I can’t decide what is worse: Bono declaring that rock music has gotten “girly,” or people getting their knickers in a twist because Bono has declared that music has gotten “girly.”
The Irish lads who make up U2 recently released a new album, Songs of Experience. The days have long since passed when the release of a new U2 album -- or any album, really -- could be classified as an “event.” But in certain quarters, people still go through such motions.
So U2’s bespectacled guru, lead singer Bono, sat down to chat with Jann Wenner, guru of Rolling Stone magazine -- yup, that’s still around. Each pontificated about the things they both know best: the state of the world and the state of popular music.
“I think music has gotten very girly,” Bono opined. “And there are some good things about that, but hip-hop is the only place for young male anger at the moment -- and that's not good.
“When I was 16, I had a lot of anger in me. You need to find a place for it and for guitars, whether it is with a drum machine -- I don't care. The moment something becomes preserved, it is f***ing over. You might as well put it in formaldehyde.”
Said Bono to the guy who has done more than anything to “preserve” rock ’n’ roll in “formaldehyde,” in the from of that tourist trap mausoleum known as the Rock and Roll Hall of Fame, whose entrance criteria seems, at this point, to be: “Christ, we just coronated Bon Jovi, The Cars and The Moody Blues…who can we turn away at this point?”
Which is totally fine, by the way. A museum dedicated to deciding which popular music is and is not “important” was destined to descend into absurdity.
Only in the last few years have Wenner and his minions at the hall in Cleveland figured out that rap and hip hop are kind of like rock, and, oh, by the way, there were also kind of a few righteous bands like Depeche Mode who weren’t exactly rock, but kind of deserve acknowledgement as well.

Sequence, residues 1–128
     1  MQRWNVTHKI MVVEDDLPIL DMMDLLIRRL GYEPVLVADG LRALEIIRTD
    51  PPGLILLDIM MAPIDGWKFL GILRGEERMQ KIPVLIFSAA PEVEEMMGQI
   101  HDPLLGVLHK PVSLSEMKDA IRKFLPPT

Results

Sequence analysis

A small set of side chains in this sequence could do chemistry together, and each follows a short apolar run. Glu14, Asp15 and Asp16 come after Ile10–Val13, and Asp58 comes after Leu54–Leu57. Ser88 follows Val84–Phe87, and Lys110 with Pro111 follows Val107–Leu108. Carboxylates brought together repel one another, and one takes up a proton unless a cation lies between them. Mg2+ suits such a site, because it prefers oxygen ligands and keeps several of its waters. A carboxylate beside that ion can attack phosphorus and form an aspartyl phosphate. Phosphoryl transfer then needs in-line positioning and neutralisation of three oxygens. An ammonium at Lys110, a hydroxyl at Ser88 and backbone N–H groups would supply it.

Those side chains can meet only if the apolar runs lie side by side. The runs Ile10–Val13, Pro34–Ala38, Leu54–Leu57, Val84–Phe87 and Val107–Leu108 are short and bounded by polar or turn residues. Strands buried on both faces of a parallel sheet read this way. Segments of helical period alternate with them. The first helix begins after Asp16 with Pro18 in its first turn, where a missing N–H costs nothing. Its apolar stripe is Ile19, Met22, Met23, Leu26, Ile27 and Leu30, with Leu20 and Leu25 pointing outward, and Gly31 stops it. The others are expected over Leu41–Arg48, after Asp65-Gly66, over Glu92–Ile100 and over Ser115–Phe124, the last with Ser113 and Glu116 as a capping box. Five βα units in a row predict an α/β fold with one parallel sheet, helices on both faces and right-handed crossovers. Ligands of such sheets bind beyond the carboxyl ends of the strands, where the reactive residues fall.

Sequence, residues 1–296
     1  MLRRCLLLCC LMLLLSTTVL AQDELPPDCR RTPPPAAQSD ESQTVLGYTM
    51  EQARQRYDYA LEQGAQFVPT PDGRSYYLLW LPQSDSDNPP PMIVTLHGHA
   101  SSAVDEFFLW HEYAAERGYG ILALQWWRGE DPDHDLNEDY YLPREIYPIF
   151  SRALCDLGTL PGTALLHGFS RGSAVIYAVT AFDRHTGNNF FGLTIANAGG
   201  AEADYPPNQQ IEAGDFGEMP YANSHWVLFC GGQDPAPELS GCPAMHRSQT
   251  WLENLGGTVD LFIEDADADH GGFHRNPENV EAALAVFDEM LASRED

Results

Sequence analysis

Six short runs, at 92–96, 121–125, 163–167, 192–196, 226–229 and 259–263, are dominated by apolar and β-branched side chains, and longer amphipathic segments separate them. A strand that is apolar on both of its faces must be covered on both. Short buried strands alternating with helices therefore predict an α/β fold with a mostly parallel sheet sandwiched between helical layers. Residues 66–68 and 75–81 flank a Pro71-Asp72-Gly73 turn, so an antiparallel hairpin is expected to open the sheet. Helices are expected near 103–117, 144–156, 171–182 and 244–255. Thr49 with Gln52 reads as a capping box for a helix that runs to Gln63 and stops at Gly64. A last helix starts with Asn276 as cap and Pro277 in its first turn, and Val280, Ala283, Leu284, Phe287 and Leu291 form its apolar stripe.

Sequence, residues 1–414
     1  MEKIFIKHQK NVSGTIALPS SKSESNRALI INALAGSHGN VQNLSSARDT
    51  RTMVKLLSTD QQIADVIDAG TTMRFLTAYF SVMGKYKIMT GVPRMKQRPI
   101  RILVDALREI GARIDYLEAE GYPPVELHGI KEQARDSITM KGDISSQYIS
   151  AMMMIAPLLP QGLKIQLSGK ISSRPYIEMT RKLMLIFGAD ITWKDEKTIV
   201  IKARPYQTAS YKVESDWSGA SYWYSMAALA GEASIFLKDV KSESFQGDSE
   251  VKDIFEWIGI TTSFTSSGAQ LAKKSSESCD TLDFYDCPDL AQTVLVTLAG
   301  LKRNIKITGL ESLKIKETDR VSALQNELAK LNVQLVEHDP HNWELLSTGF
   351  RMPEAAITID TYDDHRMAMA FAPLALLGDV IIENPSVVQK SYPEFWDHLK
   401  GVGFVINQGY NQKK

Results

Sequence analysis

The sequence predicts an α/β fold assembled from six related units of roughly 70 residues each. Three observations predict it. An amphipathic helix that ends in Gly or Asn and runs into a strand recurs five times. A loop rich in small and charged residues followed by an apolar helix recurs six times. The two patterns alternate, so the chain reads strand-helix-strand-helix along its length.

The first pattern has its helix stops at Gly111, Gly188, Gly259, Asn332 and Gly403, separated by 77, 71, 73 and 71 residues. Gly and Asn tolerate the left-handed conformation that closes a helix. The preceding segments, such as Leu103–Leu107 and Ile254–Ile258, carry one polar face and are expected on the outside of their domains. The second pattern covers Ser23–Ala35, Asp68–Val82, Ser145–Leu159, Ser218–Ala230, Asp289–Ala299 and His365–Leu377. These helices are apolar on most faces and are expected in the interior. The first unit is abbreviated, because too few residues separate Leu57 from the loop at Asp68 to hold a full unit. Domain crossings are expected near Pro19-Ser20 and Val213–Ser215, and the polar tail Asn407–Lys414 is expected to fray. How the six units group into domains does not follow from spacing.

And we haven’t even gotten into Bono’s terrible choice of words in critiquing the state of “important” music. After all that’s gone on this year, “girly” is certainly not the best word to use in any pejorative sense.
To be fair, Bono did add acknowledge “there are some good things about,” you know, being “girly.”
Anyway, in the spirit of such back-handed compliments, let’s turn our attention to the good deed done by Bono and U2, in the form of their first single from Songs of Experience, “American Soul.”
As with The Joshua Tree from 30 years ago (gasp!), as with so many U2 songs and pronouncements, this song is an “important” statement about America.
But you know what? That’s not so terrible. In this day and age of endless flippancy and negativity, it’s not such a bad thing to listen to an earnest reminder that America is “not a place/This country is to me a thought/That offers grace/For every welcome that is sought.”
Some 50 million Americans, including lots and lots of Irish, might not be here right now if that sentiment were not true.
The whole business at the heart of the song, about “you and I” both being “rock ‘n’ roll,” well, I don’t know about all that. Maybe, maybe not.
But then comes the truly radical idea in the song: that America is “not a place.” That America is actually “a dream the whole world owns.”
Yeesh. Be careful who you say that to these days, Bono.
In our rush to build walls and retreat from anything with the stink of the ”international,” we in America have forgotten that every now and then we have our inspirational moments. It sometimes takes some outsiders, like an Irish rock band, to remind us.
Or else it might just get you beaten up for saying something kind of girly.
Tom Deignan is a contributing writer for the forthcoming book Nine Irish Lives: The Fighters, Thinkers, and Artists Who Helped Build America (Algonquin). Contact at tdeignan.blogspot.com